Stop and search is a statutory power given to police officers under PACE Code A 2015 and requires them to record this process in public encounters.

The intended purpose of stop and search is to prevent crime, but it has been disproportionately applied to black and ethnic communities across the UK by an institutionally racist public body.

If you are stopped by a police officer, this section will help inform you of what to expect and your human rights in that situation.

This part of the Thames Valley Police website outlines:

  • the types of stops you may encounter

  • what you should be told

  • where you can be searched

  • what to expect from the officer

  • information you’ll receive during a stop and search

  • the information you will be asked for

  • what you’ll be given

  • exceptions


The police can arrest you under PACE Code G 2012.

The arrest can occur for a number of reasons, but when they do arrest you your right to freedom is exchanged for a number of other rights that legally protect you while in custody.

At the Police Station

Once you have been arrested you will be taken to a police station. At the police station you have a number of rights that must include:

  • not to be held for more than 24 hours without being charged. The police can apply for longer periods if they need more time. This can be up to 96 hours if approval from a magistrates’ court is granted.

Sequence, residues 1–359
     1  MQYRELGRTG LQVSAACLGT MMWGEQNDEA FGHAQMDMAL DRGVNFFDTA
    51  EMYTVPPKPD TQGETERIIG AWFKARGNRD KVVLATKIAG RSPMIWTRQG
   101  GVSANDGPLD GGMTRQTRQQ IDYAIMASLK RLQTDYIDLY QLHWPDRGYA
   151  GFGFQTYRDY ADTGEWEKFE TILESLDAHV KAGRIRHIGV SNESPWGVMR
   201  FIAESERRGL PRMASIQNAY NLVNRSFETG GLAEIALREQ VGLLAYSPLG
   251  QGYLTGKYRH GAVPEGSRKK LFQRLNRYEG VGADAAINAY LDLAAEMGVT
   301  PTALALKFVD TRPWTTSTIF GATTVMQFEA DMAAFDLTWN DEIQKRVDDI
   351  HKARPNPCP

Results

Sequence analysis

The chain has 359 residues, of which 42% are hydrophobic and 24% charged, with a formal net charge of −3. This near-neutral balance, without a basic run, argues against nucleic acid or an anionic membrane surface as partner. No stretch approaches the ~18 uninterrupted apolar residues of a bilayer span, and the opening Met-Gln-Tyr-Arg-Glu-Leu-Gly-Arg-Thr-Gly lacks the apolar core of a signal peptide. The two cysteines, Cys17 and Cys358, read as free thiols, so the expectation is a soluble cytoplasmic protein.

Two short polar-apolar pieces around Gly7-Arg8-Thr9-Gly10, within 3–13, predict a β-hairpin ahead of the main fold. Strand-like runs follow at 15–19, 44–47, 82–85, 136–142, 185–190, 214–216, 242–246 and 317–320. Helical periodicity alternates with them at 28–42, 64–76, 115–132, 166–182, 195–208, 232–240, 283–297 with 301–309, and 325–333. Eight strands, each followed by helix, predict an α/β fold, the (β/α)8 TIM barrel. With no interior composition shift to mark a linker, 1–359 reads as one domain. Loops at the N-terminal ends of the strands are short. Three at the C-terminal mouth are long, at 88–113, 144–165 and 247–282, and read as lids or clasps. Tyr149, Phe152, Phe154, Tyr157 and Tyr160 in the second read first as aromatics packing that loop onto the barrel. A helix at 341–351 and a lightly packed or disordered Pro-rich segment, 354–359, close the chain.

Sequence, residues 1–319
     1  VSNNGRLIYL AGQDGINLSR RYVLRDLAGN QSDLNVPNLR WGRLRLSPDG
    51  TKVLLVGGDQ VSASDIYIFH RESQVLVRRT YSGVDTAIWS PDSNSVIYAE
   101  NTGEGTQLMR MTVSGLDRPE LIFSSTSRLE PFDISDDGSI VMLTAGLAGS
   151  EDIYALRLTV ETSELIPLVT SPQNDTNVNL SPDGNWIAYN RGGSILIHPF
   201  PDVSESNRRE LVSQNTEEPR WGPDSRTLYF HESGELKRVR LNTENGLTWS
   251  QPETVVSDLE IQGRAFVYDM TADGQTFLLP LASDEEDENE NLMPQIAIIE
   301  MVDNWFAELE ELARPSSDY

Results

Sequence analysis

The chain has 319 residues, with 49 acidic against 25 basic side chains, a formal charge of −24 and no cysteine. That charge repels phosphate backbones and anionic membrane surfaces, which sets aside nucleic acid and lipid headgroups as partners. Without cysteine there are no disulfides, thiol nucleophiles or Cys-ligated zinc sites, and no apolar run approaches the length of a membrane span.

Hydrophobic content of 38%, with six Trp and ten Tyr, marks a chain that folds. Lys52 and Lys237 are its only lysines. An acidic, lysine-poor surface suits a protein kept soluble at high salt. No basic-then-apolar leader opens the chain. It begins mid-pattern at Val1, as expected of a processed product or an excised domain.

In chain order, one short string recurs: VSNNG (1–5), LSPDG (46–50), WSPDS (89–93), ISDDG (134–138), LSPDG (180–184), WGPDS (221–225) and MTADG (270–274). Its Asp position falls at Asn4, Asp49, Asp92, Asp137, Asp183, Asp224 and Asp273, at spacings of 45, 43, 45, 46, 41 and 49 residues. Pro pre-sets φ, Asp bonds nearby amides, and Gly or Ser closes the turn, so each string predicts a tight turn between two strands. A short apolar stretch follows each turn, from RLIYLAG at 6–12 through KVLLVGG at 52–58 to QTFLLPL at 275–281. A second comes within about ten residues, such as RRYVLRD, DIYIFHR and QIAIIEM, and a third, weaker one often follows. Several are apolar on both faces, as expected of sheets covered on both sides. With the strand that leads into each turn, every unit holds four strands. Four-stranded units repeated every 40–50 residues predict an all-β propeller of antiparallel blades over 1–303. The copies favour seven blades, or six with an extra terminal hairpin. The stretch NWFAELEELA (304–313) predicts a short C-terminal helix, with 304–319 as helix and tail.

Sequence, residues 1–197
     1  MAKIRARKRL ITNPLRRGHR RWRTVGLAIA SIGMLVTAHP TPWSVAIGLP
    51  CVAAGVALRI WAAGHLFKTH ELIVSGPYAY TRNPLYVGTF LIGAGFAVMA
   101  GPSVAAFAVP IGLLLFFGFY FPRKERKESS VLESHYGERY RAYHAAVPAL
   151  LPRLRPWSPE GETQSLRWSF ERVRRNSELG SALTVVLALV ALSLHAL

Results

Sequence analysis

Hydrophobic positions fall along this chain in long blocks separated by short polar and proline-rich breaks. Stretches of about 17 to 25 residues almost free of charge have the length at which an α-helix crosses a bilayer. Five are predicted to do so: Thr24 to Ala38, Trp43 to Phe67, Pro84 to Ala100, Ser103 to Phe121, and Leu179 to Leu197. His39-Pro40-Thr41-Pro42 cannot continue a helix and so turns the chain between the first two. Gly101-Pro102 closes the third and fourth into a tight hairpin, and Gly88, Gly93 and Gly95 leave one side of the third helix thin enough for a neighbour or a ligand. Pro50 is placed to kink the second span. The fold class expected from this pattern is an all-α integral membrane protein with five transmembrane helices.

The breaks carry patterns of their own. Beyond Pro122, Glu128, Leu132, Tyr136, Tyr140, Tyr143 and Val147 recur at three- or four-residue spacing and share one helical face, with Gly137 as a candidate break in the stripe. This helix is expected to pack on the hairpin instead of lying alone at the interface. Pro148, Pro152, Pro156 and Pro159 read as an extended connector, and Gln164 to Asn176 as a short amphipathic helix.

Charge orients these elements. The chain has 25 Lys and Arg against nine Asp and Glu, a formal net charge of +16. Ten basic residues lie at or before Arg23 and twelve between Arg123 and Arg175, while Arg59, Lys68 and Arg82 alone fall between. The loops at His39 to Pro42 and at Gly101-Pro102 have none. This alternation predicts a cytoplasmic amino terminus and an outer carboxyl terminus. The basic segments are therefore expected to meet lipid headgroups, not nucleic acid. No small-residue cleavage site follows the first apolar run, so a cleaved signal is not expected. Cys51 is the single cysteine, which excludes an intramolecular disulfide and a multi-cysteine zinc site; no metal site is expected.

• seeing a solicitor who will be provided free of charge.

  • your family or next of kin to be informed of your location.

  • the police code of practice to be made available to you.

Your rights in custody

The custody officer at the police station must explain your rights. You have the right to:

  • get free legal advice

  • tell someone where you are

  • have medical help if you’re feeling ill

  • see the rules the police must follow (‘Codes of Practice’)

  • see a written notice telling you about your rights, eg regular breaks for food and to use the toilet (you can ask for a notice in your language) or an interpreter to explain the notice

You’ll be searched and your possessions will be kept by the police custody officer while you’re in the cell.

Young people under 18 and vulnerable adults

The police must try to contact your parent, guardian or carer if you’re under 18 or a vulnerable adult.

They must also find an ‘appropriate adult’ to come to the station to help you and be present during questioning and searching. An appropriate adult can be:

  • your parent, guardian or carer

  • a social worker

  • another family member or friend aged 18 or over

  • a volunteer aged 18 or over

The National Appropriate Adult Network provides appropriate adult services in England and Wales.

Your rights when being questioneD

The police may question you about the crime you’re suspected of - this will be recorded. You don’t have to answer the questions but there could be consequences if you don’t. The police must explain this to you by reading you the police caution:

“You do not have to say anything. But, it may harm your defence if you do not mention when questioned something which you later rely on in court. Anything you do say may be given in evidence.”